The American Wirehair is a purebred variant of the widely known and popular Domestic Shorthair. This multifunctional and adaptable cat exists in lots of colours and patterns, including traditional silver tabby. It still remains an effective exterminator of household rodents although currently it primarily enjoys the life of a family companion.
Photo: © Vibrations Cattery (vibrations-cats.de)
The American Shorthair is a direct descendant of felines that arrived to America with passengers and crew of the Mayflower in 1620. These first American colonizers treasured their pets for their ratting talents, and there is a good chance, that cats were brought to the New World much earlier. For example, they may have accompanied Spanish explorers on their way to Florida or Vikings on their way to Newfoundland. Some of these seafaring felines were used for the development of the today’s American Shorthair.
Cats were reckoned to be invaluable helpers of shopkeepers, farmers and house owners who entrusted them to protect their supplies of provision and goods from rats, mice and other small vermin. The early American Shorthair stood out for sturdy physique, unpretentiousness, outstanding hunting drive and could easily put up with severe conditions of this unconquered and dangerous continent.
At the dawn of the XX century the shorthair cats that were then referred as Domestic Shorthairs entered the show ring. At that point other shorthair breeds were brought to the U.S. so loyal breeder of the domestics decided to selectively breed a feline with specific characteristics. On the whole the American Shorthair was predominantly shaped through natural selection but the efforts of breeders led to stabilization of its conformation and temperament. It was recognized under its current name in the early 60s of the XX century and quickly became a highly successful participant of Cat Shows.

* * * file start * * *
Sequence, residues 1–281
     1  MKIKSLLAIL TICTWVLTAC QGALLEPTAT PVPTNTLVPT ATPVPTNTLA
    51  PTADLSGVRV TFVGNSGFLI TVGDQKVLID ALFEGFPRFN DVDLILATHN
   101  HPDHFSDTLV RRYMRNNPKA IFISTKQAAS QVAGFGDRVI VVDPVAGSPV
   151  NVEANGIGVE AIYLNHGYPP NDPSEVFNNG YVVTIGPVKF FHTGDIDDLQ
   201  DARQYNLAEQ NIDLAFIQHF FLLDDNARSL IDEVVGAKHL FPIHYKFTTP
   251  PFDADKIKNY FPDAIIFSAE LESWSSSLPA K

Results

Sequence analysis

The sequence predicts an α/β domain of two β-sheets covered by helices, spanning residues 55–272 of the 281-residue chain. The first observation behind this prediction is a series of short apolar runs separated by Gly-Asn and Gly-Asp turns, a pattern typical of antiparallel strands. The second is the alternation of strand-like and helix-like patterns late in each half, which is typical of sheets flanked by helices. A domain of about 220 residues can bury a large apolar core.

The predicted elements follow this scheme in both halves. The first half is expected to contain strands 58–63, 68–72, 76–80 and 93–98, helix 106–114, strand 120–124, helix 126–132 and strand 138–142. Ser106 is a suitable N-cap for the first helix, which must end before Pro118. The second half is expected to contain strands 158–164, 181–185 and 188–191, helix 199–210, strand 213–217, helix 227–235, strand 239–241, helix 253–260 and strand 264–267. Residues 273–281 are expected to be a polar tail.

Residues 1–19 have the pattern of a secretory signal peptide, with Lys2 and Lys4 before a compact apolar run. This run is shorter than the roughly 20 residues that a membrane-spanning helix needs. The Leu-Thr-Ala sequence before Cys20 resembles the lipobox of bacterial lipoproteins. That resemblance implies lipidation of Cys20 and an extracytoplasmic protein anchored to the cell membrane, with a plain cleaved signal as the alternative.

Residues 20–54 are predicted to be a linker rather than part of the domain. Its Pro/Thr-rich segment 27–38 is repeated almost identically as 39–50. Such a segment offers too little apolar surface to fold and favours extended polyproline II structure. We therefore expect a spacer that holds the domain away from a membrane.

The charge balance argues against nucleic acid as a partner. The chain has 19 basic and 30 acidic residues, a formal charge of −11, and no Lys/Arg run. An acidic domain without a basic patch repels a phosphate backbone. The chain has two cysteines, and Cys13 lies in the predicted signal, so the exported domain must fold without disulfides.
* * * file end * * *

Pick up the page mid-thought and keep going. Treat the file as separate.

The American Wirehair owes its appearance to the accidental mutation that first occurred in 1966 in a litter produced by a domestic shorthair female in upstate New York. With the exception of the one red tabby and white male all kittens from this litter perished. Because of the unique texture of its coat its owner decided to demonstrate it to a local cat breeder, Joan O’Shea. She bought this kitten with shaggy and wiry hair for 50 USD, nicknamed it Rock Adam of Hi-Fi and subsequently began to selectively breed it with American Shorthairs in an attempt to replicate it.
The American Wirehair gained complete acceptance from the Cat Fanciers Association in 1978. In order to ensure the sufficient diversity of its gene pool it can be outcrossed to the American Shorthair.
The sociable and joyful personality of the American Wirehair makes it an almost ideal companion animal for any type of household. It’s usually equally interested in exploring every miner corner of its home and sprawling peacefully beside its master on the sofa. Lots of the breeds’ specimens grow into classic lap cats while others prefer to just stay close-by. Although the American Wirehair absolutely loves being in the centre of your attention it has unobtrusive nature and can entertain itself with some puzzle toy for several hours. It’s always eager to frisk with familiar kids but it can’t stand being carried around too much.
The American Wirehair is a good-natured and brave cat that will cordially greet any newcomer and invite him or her to play with it. This breed also gets along with other animals in the house (including dogs) as long as they don’t bother it. However it still retains powerful hunting drive and should never be left alone with such pets as hamsters or household rats.
Be mindful that the busy mind of the American Wirehair requires regular stimulation so make sure to buy your pet various interactive toys and one or several tall cat trees. This calm and gentle cat adapts well to any living situation as long as it’s surrounded by love and care of its masters.
The most common problems for the breed include:
· hypertrophic cardiomyopathy.
The American Wirehair needs very standard care. Its distinctive coat should never be brushed on a regular basis because such rough impact may damage its natural texture. Nonetheless more frequent brushing is usually required in the spring when the cat blows out its winter hair.
Weekly or daily dental hygiene bears an outmost importance in maintenance of good health in this area. Ears and eyes of the cat should be regularly cleaned with a soft moistened tissue to remove earwax and other allocations. Trim its nails every two to four weeks. This breed is notable for exceptional cleanliness so keep its litter box perfectly clean at all times.